Want To Become Great At Making Polymer Clay Beads and Jewelry?

Trumpet Flower Bead Mistakes

Lessons Learned From Craft Classes Back in the 90’s:

In order for you to really become good at making polymer clay beads, or any other art form for that matter, it is important that you learn skills that can be applied to many projects…. as opposed to just learning how to do individual projects.

Back in the 90’s when I was teaching a variety of continuing education craft classes, my lessons always followed three basic principles:

1) The projects I taught had to be simple enough so that anyone could do them without too much trouble;
2) There was always room for creativity so students could add their own individual style to each piece; and
3) By the end of the class, my goal was to have everyone feeling proud of their accomplishments.

According to the feedback from surveys handed out at the end of each class, students consistently indicated that they gained confidence to be able to continue with the skills they had learned in my classes. They left with a good working knowledge of the medium, and were much more comfortable with being able to deal with mistakes when they happened.

My approach worked very well even when there was a mix of skill levels. Beginners experienced first time successes quickly, and the more advanced were able to run with or build on their own ideas.

The classes were never intimidating. My theory was that if I could do it, you can too. Even the ladies (and husbands) that had been dragged along to the classes (sometimes against their will, LOL) by their more crafty friends or spouses, were thrilled with what they were able to make in a short period of time. It was common to hear them say, “I didn’t think I had a creative bone in my body, but I think this turned out pretty good!” …which of course made me smile with pride.

I am carrying on this teaching style here at the blog and in the video tutorials at the Polymer Clay Library. I truly want all of you to become great bead makers and jewelry designers. My wish is that these lessons inspire you to create beautiful one-of-a-kinds works of art, you can call your own.

What is the sense of me teaching a project where you have to use exactly this color of clay, in this amount, in this precise order so that there are thousands of you making identical beads? Wouldn’t that be pretty boring? Can you imagine what it would be like to sell your beads on Etsy if you were all making the same stuff?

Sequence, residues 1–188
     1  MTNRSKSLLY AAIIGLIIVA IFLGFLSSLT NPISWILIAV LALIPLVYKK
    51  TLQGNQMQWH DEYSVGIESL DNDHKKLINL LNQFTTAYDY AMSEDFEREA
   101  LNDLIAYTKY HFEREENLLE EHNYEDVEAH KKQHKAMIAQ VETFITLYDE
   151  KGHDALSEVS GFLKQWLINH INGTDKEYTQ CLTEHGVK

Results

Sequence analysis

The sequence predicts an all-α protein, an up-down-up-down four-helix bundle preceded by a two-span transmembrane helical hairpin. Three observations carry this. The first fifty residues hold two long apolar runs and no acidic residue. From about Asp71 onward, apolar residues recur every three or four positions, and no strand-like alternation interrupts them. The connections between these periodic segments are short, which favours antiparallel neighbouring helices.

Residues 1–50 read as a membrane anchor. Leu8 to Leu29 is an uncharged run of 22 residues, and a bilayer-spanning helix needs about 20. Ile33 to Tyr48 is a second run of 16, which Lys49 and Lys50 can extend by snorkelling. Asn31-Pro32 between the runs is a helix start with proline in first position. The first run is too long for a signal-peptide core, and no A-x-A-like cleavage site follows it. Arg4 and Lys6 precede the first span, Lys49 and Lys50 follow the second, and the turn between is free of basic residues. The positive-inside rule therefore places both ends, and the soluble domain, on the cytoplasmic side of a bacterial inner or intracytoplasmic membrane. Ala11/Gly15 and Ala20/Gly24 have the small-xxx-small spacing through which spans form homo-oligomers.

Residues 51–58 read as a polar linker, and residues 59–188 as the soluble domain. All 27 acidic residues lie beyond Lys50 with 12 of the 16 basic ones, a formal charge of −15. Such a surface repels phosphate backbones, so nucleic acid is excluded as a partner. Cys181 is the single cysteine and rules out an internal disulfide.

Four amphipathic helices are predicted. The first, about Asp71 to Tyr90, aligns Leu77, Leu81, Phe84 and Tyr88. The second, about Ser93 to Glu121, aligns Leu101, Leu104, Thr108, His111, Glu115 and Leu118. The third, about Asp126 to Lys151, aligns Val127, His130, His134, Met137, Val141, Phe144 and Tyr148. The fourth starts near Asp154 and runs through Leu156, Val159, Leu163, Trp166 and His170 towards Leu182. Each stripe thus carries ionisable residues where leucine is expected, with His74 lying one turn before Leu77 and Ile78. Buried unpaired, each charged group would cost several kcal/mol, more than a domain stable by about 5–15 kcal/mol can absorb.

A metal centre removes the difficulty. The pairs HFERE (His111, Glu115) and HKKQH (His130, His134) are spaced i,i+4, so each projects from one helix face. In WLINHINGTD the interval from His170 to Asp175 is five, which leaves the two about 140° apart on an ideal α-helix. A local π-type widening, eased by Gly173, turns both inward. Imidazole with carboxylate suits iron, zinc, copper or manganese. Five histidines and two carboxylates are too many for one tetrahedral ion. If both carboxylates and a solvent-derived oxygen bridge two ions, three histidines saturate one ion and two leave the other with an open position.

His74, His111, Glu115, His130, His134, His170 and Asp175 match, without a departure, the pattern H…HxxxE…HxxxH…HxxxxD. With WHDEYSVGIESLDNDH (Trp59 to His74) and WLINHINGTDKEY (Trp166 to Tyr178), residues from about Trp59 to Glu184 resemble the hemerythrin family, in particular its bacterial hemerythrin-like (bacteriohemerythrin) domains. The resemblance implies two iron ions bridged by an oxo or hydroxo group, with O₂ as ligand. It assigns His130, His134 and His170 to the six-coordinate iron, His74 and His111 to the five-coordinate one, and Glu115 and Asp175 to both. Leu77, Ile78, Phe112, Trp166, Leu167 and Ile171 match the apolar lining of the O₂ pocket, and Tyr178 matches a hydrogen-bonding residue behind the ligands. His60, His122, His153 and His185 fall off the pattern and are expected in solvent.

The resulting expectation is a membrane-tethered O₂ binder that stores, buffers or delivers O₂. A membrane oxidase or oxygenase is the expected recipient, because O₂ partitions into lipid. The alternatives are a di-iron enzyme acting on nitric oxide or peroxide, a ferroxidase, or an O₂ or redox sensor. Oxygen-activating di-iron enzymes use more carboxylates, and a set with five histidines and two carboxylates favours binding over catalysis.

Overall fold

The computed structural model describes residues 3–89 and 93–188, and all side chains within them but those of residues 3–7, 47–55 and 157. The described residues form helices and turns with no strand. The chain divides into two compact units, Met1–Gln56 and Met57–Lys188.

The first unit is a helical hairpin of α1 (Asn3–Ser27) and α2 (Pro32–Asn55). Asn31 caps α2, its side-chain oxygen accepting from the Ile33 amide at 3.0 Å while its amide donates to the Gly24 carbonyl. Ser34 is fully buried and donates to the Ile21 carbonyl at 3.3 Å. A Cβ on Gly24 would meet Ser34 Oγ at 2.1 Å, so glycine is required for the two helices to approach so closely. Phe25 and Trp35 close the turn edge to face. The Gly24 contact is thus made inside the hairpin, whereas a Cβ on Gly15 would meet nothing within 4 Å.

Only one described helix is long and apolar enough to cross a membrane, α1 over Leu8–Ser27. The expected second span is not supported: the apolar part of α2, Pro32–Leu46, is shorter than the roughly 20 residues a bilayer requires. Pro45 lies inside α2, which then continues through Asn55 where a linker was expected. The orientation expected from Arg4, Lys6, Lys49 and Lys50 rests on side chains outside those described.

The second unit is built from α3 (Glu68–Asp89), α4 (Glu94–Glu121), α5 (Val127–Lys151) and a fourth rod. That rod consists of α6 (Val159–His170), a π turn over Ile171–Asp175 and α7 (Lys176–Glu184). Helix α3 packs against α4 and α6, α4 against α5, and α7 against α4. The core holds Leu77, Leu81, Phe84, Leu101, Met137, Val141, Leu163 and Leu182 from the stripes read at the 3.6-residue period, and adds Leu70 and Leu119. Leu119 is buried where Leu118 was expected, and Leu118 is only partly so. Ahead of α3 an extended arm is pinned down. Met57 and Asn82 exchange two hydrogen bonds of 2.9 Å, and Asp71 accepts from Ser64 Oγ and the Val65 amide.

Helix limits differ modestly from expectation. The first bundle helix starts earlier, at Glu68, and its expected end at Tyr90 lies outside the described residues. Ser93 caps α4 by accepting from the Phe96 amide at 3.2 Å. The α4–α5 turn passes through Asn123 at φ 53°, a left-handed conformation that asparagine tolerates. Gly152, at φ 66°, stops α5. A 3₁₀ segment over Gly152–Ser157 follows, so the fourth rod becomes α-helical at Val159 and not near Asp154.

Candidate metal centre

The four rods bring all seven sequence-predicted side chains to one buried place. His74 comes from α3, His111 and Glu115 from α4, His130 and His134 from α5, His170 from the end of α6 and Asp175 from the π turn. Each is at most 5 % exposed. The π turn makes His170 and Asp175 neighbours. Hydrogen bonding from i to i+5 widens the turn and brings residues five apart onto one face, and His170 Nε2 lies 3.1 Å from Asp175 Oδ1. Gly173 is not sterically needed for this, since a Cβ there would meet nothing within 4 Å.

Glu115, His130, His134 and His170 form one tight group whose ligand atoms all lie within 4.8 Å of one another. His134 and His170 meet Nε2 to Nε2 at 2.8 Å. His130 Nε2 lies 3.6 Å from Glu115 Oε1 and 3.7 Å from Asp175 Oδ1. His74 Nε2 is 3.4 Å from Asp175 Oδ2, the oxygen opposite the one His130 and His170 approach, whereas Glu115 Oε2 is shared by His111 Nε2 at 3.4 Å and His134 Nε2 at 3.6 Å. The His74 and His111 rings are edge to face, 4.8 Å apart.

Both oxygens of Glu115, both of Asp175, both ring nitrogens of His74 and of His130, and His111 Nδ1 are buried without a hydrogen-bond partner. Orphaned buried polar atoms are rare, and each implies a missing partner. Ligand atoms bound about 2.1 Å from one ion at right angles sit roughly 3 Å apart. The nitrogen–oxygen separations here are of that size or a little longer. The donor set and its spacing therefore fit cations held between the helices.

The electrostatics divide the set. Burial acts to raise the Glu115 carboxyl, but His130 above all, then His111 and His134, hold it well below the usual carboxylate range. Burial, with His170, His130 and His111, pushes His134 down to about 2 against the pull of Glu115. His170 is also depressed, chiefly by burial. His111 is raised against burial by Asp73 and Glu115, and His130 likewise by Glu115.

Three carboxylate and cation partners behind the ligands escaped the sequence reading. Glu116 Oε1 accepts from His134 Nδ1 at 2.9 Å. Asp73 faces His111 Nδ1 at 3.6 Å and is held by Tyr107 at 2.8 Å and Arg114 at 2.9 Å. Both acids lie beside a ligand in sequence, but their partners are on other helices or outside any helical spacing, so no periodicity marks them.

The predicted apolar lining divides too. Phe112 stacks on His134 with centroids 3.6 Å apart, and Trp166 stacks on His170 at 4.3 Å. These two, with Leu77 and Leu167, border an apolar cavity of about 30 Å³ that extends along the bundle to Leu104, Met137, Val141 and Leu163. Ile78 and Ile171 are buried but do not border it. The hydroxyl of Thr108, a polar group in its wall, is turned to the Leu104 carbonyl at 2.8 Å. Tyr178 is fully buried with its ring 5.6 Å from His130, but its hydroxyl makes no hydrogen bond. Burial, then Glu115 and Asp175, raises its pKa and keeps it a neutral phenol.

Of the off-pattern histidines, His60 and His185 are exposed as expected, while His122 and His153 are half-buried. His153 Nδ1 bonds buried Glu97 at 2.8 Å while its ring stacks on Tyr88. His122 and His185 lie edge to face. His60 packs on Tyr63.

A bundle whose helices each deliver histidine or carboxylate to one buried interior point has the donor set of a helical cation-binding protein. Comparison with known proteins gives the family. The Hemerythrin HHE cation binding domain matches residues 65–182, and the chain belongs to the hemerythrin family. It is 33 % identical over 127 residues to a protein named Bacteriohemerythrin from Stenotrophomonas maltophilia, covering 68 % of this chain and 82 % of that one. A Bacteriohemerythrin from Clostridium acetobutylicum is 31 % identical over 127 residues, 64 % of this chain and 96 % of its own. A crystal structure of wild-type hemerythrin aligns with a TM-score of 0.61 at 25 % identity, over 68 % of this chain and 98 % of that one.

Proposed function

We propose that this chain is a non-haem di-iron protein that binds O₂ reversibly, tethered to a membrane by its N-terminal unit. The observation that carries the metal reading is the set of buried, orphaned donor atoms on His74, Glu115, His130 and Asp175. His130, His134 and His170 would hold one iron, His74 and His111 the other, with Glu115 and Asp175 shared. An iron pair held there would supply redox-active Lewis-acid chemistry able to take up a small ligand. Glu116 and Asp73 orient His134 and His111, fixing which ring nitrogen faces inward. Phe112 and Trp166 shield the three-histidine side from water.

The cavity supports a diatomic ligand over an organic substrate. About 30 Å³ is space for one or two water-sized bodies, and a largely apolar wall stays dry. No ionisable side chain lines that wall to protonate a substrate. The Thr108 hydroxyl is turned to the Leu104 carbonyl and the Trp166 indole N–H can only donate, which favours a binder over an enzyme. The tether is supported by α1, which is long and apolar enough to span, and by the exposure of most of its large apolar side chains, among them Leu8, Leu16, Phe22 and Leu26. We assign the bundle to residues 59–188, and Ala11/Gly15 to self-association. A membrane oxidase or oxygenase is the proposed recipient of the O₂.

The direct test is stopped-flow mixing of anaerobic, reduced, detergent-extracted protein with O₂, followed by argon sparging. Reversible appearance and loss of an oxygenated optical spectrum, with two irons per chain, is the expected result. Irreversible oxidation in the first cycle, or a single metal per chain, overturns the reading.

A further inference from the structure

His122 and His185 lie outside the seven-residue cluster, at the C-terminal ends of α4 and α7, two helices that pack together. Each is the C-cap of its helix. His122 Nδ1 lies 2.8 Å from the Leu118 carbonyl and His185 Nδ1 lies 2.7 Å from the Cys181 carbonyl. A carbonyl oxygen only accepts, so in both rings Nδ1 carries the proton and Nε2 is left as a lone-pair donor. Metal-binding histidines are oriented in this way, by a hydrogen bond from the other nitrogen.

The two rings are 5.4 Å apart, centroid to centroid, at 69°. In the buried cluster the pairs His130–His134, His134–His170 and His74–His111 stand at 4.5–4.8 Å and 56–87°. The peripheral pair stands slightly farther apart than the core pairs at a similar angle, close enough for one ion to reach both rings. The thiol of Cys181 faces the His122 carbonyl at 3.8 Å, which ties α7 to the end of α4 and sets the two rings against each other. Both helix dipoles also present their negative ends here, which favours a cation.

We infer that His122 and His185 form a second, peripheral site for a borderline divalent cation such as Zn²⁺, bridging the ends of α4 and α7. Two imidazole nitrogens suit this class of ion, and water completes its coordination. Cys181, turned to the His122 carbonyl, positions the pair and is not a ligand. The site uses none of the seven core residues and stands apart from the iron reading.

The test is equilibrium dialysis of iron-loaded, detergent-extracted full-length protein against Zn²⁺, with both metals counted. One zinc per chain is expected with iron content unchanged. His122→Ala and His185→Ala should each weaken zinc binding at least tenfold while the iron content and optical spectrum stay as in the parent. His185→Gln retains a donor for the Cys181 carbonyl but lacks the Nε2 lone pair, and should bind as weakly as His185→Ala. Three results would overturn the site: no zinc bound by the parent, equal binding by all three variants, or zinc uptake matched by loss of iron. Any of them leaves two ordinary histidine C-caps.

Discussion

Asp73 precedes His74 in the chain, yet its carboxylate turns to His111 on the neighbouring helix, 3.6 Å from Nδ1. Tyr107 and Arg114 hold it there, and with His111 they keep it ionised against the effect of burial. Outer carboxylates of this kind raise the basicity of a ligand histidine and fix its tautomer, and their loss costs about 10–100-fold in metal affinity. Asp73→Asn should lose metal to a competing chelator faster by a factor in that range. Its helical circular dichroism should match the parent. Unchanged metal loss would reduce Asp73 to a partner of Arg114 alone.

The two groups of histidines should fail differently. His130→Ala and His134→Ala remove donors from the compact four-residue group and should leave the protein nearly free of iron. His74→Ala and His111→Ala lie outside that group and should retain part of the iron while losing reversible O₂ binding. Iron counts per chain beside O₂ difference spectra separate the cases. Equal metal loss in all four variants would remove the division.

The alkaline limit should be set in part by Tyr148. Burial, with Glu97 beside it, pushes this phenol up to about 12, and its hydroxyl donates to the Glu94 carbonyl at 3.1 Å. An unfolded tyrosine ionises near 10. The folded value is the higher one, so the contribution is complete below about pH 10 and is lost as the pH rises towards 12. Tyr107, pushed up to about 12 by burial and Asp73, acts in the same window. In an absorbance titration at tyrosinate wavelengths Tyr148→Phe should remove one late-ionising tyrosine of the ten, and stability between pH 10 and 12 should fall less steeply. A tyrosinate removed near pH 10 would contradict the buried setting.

Instead, I want to teach you the reasons why you would choose one color over another. Why the clay behaves the way it does. How to work with it. And how to tweak the projects to your own personal style and taste.

But it isn’t just theory either. I still teach you specific techniques so you come out at the end of the tutorial with something tangible. And along the way, you will also receive tips, tricks and alternate ideas that will help you to add your own personality to your work.

This is your bead making journey and I am your ‘Bead Sherpa’ so to speak. Your guide and your companion along the way.

You can give a Girl (or Guy) a bead… but teach them to make their own beads and you’ll have a beader for life!

If you would like more information about the Members Library, here are some direct links:


Cindy Lietz SignaturePolymer Clay Tutor

  1. aims, 28 May, 2009

    I for one can say I learned a lot from your beginners tutorial. I even had a ‘WoW’ moment during them and a couple of epiphanies as well!

    I’m so glad I have found such a wonderful teacher.

  2. Bonnie Jones, 29 May, 2009

    You are truly gifted when it comes to teaching..and you are so right….basics are so necessary and everyone has the ability to create…everyone!!!!

  3. Cindy Lietz, 01 June, 2009

    @aims: Thank you sweetie! It is a pleasure having the opportunity to share what I know with you. Thanks for all the great comments!

    @Bonnie:Thank you for your kind words! I agree that everyone has it in them to create. Whether they think they do or not!

  4. Chanel Clinton, 04 June, 2009

    Hi Cindy, I had to be on ‘hiatus’ for a while now I am ready to start my journey. Anyway, to know what to expect–will there be in fumes or bad smells from firing the pieces in my kitchen oven?

  5. Cindy Lietz, 08 June, 2009

    Hi Chanel, glad to see you’re back! There won’t be too much fumes if you are using a thermometer and your temp is at 265F – 275F for Premo or Fimo though there is a bit of a smell.

    If you burn it however, there smell is awful and you will need to air out your house. Kato Polyclay (from what I hear, the stuff I ordered hasn’t arrived yet) does have a bit of an strange odor when baking. But it can’t be that bad since so many people swear by using the clay!

    For a great article on baking polymer clay, click the link by my name.

    Let me know if you have any questions. Be patient though, I can get backlogged sometimes, but I will eventually get to you.

  6. Karon C, 15 February, 2011

    Cindy – I wanted to tell you how grateful I am for the hours that you spend with me in the wee hours of the morning when I am watching your tutorials. You need to branch out into more wire work and chain maile as you are a wonderful teacher. I am intrigued by all aspects of jewelry and need to find someone who is as great as you, to teach other things as well. Glass bead making…LOL. Thanks for all your your help! Karon C

Copyright © Polymer Clay Tutor Bead and Jewelry Making Tutorials